What is the value of your college experience?

This was an article that I wrote during my senior year of college, and it was published on the Babson Free Press website. I have made minor edits and added a few more anecdote on this piece than the original. I am sharing this on my blog because I haven’t finished writing any new entries yet. I figured this Fourth of July weekend would be a good opportunity to finish writing any new post. It’s unbelievably hard to find the time to write new materials and I don’t know how other bloggers do it.

Anyways, this article means a lot to me, mainly because I get to share my personal story and reflect on my college experience. This is by far the most personal piece of work that I published and I’m very proud of this. Looking back on my college experience, I’m grateful for not just the lessons in the classroom but the life lessons I gained as well (comment inspired by Lashonda’s Blog). I hope when people read this, they can reminisce about their college experience and any important lessons they learned along the way. Please take the time to read this and let me know what you think.


What is the Value of Your College Experience?

The common consensus is that education is the path to financial success; you hear it in movies and see it in commercials. The message is simple, “stay in school.” The conventional view of a college education is that if you go through the process you are less likely to be headed down the wrong path, and the reward is a well paid position with a fancy title.

Is there more to higher education than obtaining a job and eventually making tons of money? Yes, because what the conventional view fails to take into consideration is that education is empowering and can be rewarding in a non-monetary way.

Growing up in a traditional Chinese household, I was always lectured about the importance of doing well in school. Ever since I was a kid I was taught about the conventional view of college, and dreamed of one day being a big shot businessman. To reach that dream, getting into a good college was the first step.

During the college selection process I chose schools based on rank and the average starting salary post graduation. At the time, I only saw financial benefits in obtaining a college degree. The numbers don’t lie either, and according to Liz Pulliam Weston, Is Your Degree Worth $1 Million or Worthless, the average holder of a bachelor degree earns about $51,000 a year. Also during this period in my life, I was working at a restaurant busing tables and never making more than $13 an hour. I was being bossed around by waitresses and managers with four year liberal arts degrees, and it was painfully obvious to choose a business school with a high starting salary post graduation. Otherwise I could end up in that restaurant for the rest of my life, and that was the last thing I wanted for myself.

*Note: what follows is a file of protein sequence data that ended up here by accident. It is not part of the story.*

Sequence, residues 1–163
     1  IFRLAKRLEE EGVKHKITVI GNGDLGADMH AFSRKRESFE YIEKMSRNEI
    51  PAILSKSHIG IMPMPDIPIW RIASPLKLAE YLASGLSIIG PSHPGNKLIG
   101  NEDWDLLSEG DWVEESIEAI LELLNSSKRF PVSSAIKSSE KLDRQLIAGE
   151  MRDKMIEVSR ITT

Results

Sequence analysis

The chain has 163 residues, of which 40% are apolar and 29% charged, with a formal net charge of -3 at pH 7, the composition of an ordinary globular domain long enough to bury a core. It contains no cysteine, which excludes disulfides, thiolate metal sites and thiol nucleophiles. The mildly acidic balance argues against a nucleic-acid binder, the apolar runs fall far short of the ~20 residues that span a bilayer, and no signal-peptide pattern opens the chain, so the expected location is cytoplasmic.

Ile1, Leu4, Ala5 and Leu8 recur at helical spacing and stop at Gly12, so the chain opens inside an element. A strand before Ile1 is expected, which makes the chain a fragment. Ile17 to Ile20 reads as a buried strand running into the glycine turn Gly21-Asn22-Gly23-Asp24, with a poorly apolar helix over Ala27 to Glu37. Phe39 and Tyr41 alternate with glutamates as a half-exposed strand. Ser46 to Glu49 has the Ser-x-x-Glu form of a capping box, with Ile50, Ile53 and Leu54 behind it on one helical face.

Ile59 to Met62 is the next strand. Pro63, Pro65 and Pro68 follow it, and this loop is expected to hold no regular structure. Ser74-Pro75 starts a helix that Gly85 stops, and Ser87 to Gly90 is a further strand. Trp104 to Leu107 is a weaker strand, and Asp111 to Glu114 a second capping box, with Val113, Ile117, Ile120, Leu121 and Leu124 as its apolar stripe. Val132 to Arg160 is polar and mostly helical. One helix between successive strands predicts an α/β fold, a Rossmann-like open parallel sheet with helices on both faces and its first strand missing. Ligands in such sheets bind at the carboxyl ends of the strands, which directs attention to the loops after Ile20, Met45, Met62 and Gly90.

I was fortunate enough to be accepted into Babson College, one of the best business schools in the nation, and thought I was one step closer to being a big shot businessman. Even though I enjoyed the subject of history in high school and did well in the classes, I could never pursue this in college because that’s not where the money is. When I got accepted into Babson, and didn’t get any financial aid,  my mom decided to pay for everything from the savings of her retirement account. She made a big investment in me and it would have been too selfish to not consider what she wants from my education.

After years of taking classes I didn’t enjoy, I was getting bad grades and unhappy with everything.  I was unhappy because in the back of my mind I always thought about the huge sacrifice my mom has made, and how I was disappointing her with my mediocre grades. Not to mention the fact I was hurting my chances of landing a good job for the future. Eventually I come to realize that people go to college for the experience, to pursue their passions, or discover new ones. Those who graduate are supposed to leave with a better understanding of themselves and those around them, and have the skills that can make a positive contribution in the workforce.

Mei Zhen Lee, junior at Babson says, “I always knew I’m passionate about math and want to learn more at Babson. I noticed friends who are choosing their concentration based on money. A lot of people have switched into accounting, because it pays well and they are likely to find a job after graduation. I just see something wrong with that.”

It disheartens me to think that people are only learning for a better pay check, because education is liberating. You have the power to choose what you want to learn and develop the ability to think for yourself. This is powerful, because having thoughts, beliefs, and opinions makes you an individual. One person that realized this truth is Frederick Douglass.